If you’re here, then you want to know how to change windows startup programs which can be pretty pesky at times. If you’re curious as to what you have running, many of the programs have cutesie little icons in the system tray (bottom right side of the screen). The others can be seen by holding CTRL+ALT+DEL. In Windows 98/ME you will see them immediately. Windows XP is ever so slightly trickier. After doing the key combo, you will need to click the Processes tab.
“So”, you wonder to yourself, “What needs to be running, and what should be closed?” The way I usually determine what a process is, if I can’t tell offhand, is to do some searching through Google and educated guesswork is in order.
Since you are modifying your startup, it is generally a good idea to close down everything that doesn’t need to be running. (I go into slightly more detail here about why) In Windows 98/ME pretty much anything other than Explorer and Systray can be closed. For Windows XP, refer here as to what you should leave running.
The fastest, easiest, and safest way to modify your startup is to use msconfig. It’s a handy little program that Microsoft includes with Windows that looks at most of the places that your OS gets its loading instructions from and allows you to change the settings in an easily reversible way. To start it click Start->Run and type “msconfig” (with or without the quotes, doesn’t matter) in the box and press OK. A program like this should show up:
You’ll notice that I have some items removed at the bottom, and have just removed “qttask” from the boot process. The easiest way to tell if a program is something you want running is to look at the path. “AcBtnMgr_X84-X85″ looks confusing; however, if you look at where it loads from: “E:Progra~1LEXMAR~1AcBtnMgr_X84-X85.exe” then it’s pretty obvious that it has something to do with my LexMark printer. From this we can infer that the BtnMgr part of the filename probably means “button manager”. (I have a scanner/printer combo) The same goes for the rest of it. “WCESCOMM” is in the ActiveSync directory, and thus it’s a pretty good bet that it relates to my Dell Axim Pocket PC.
Remove anything you don’t recognize, especially if the path is Windows, WindowsSystem32, or WindowsSystem. Many viruses and spyware apps store themselves in that directory to make themselves look important and to make sure they are in the systems PATH. (I’ll explain what the PATH is in a different article) Don’t worry, anything that you remove using msconfig can easily be replaced if it turns out that you do, in fact, need it. All you do is run it again and put the pretty little check mark back next to it’s name. If you’re a Windows 98/ME user, you can stop reading here. If you are in XP then you’re not quite done yet.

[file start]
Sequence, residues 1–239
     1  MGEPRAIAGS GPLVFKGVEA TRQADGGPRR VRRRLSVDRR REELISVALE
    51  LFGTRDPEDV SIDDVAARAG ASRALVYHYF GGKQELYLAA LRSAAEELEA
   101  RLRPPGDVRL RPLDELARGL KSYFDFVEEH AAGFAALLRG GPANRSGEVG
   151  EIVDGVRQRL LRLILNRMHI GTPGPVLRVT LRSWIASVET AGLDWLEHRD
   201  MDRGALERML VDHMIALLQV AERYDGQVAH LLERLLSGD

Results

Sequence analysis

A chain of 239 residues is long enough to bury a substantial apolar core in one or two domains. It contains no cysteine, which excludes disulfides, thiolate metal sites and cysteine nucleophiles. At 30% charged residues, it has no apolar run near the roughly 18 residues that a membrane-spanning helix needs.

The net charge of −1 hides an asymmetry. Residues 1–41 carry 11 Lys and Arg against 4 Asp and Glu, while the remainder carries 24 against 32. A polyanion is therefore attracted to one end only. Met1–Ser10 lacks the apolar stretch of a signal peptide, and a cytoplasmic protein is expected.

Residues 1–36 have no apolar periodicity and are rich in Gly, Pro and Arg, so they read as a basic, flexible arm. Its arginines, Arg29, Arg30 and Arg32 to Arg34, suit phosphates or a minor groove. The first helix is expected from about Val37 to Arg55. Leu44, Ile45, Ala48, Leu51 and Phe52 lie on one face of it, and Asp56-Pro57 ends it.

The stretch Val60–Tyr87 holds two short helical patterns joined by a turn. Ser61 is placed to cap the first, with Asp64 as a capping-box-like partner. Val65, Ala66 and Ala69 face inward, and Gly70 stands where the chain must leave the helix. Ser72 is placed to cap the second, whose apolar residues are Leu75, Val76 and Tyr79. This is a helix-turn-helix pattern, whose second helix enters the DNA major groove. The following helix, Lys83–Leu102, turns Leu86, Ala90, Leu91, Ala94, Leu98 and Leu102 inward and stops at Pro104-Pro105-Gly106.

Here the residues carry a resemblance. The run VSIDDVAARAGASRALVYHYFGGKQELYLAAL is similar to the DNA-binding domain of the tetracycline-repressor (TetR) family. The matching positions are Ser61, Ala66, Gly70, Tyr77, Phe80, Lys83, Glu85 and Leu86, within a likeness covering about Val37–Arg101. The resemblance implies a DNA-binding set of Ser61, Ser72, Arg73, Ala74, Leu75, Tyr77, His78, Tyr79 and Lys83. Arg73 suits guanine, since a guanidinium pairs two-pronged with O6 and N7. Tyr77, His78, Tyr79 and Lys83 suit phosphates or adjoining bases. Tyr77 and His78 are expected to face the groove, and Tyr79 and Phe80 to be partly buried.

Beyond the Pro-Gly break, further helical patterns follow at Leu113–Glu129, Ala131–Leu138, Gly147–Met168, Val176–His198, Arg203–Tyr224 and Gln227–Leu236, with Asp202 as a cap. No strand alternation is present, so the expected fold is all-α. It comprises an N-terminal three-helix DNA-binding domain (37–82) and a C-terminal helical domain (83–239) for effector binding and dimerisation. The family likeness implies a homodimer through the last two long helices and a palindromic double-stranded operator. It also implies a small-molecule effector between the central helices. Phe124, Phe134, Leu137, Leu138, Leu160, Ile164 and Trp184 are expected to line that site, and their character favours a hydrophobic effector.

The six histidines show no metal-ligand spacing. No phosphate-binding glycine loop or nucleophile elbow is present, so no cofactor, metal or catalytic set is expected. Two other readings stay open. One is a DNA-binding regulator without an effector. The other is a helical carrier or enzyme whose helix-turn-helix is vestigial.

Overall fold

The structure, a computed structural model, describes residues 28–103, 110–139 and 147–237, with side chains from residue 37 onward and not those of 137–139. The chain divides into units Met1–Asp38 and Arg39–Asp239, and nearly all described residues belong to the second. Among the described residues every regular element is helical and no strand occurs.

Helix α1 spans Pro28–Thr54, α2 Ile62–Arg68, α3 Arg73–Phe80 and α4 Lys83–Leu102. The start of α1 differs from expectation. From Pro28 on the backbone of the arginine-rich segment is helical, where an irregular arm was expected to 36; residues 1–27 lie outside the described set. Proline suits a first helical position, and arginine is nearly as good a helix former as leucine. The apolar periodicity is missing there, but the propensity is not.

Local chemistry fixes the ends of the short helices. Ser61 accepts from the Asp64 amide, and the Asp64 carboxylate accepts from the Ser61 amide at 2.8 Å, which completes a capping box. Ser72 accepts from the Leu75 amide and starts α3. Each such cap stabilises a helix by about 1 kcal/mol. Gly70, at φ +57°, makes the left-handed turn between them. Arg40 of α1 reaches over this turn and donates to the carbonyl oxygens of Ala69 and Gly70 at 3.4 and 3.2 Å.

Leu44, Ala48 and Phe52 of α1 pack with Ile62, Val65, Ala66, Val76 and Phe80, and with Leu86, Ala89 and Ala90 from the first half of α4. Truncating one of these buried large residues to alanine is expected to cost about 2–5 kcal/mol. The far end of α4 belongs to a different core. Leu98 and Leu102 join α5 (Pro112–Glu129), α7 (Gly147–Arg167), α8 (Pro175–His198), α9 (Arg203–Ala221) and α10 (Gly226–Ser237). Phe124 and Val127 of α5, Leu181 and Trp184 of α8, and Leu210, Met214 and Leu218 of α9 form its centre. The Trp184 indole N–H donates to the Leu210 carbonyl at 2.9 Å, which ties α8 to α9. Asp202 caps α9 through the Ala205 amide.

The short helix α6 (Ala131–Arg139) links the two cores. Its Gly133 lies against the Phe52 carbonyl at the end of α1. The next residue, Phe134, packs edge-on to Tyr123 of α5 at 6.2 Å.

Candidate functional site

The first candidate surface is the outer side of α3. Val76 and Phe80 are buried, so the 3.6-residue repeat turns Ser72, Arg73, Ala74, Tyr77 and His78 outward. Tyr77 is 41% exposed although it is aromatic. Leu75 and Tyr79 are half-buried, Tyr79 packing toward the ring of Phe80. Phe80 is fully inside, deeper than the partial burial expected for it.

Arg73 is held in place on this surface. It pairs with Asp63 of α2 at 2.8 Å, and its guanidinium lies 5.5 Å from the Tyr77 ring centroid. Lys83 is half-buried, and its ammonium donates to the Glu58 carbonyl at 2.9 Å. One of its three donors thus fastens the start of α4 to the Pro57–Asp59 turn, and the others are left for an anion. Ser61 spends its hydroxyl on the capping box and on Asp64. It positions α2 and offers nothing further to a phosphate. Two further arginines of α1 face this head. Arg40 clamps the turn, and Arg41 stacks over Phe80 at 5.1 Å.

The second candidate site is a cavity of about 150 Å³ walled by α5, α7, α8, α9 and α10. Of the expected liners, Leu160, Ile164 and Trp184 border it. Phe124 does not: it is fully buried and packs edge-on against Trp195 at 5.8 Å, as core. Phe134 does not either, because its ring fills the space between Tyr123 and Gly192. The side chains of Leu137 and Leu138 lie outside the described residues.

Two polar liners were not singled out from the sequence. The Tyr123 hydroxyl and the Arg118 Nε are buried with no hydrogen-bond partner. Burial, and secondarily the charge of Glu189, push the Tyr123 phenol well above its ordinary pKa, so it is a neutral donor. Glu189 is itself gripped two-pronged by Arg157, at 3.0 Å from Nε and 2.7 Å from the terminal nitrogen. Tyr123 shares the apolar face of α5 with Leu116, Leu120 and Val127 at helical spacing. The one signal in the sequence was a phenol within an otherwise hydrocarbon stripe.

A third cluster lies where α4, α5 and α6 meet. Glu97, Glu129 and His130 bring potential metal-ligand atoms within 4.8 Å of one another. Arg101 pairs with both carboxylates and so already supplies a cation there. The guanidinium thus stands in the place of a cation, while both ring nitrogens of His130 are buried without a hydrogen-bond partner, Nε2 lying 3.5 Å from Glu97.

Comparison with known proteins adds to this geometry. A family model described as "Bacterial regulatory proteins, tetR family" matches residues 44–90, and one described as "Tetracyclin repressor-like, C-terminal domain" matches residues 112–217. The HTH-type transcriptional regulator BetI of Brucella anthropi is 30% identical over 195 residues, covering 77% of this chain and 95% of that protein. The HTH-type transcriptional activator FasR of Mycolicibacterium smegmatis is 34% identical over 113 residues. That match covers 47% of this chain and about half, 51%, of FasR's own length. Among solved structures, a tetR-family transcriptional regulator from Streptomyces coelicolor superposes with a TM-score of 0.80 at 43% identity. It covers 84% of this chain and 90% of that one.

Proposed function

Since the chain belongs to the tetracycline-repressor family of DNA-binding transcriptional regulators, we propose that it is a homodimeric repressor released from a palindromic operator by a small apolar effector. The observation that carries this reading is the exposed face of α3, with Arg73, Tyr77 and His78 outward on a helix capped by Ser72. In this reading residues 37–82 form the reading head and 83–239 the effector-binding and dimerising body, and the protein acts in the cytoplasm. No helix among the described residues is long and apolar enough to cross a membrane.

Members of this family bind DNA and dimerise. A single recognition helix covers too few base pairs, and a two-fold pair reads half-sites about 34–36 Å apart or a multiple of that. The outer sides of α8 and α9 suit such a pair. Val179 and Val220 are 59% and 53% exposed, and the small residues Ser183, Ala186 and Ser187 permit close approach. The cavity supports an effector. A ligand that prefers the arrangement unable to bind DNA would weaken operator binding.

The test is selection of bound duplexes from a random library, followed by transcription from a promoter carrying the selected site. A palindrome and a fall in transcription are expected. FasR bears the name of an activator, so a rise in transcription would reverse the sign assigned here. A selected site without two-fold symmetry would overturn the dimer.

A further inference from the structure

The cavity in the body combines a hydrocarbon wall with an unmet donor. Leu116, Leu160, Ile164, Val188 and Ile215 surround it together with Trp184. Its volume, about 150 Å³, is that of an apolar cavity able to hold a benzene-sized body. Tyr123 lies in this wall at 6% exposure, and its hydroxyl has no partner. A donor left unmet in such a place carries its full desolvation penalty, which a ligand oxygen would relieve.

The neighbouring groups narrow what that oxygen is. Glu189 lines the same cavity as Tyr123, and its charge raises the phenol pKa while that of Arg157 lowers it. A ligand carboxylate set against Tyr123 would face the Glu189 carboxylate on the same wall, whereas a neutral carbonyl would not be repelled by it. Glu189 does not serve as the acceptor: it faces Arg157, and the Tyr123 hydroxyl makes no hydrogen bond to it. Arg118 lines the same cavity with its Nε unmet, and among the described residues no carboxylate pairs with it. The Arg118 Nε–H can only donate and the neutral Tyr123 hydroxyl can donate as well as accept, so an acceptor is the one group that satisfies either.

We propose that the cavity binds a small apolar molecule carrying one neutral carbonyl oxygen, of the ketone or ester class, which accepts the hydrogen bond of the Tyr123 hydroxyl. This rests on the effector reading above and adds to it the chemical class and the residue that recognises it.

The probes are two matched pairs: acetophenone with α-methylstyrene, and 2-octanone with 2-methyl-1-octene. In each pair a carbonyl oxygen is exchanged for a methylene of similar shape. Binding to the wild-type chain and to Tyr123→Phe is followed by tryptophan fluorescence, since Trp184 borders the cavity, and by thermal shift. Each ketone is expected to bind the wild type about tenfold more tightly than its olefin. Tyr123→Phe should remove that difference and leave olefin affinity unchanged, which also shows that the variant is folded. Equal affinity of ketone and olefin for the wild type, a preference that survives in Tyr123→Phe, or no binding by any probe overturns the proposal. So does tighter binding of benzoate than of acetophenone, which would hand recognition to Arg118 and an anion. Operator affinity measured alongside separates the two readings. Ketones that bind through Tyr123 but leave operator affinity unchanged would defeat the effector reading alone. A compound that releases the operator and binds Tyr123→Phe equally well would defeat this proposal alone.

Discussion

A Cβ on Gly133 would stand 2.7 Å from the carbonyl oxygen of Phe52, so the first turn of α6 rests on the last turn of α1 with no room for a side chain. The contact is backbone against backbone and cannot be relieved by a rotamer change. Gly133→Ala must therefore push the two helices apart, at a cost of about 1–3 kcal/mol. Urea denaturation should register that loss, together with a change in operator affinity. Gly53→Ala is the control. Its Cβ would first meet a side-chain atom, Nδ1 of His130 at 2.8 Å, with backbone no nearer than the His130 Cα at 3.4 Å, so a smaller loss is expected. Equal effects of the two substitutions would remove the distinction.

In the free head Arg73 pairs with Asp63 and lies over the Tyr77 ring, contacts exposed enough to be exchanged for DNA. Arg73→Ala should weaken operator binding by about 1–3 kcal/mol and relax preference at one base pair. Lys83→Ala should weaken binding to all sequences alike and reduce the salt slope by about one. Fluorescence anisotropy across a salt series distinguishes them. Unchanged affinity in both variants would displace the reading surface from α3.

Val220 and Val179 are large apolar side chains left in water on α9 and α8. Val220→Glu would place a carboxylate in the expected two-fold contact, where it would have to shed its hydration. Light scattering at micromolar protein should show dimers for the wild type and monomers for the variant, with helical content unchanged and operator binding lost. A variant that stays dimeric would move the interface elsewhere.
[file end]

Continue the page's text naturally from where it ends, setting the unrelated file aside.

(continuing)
Windows XP has startup items called services as well. These are usually different components of Windows or add-ons from 3rd party vendors. If you don’t need them running, they slow your system as well and use up memory that would be better spent playing Doom III.
There are a lot of services, and I generally don’t mess with the ones from Microsoft, so check the box next to “Hide All Microsoft Services” to make the list easier to read. Review the stuff shown there and make a judgment as to whether or not you think it needs to run. Once again, you can always put it back if needs be.
When you reboot the first time a message box will appear telling you that you’ve used the System Configuration Utility to make changes to the way Windows starts. Well, duh. I’m betting we already knew that. Just check the box that tells it not to show itself again, and click OK.
That’s pretty much it! There are other places that Windows looks when it loads, but this covers 90% of it. We’ll get into BHO’s, and registry editing later.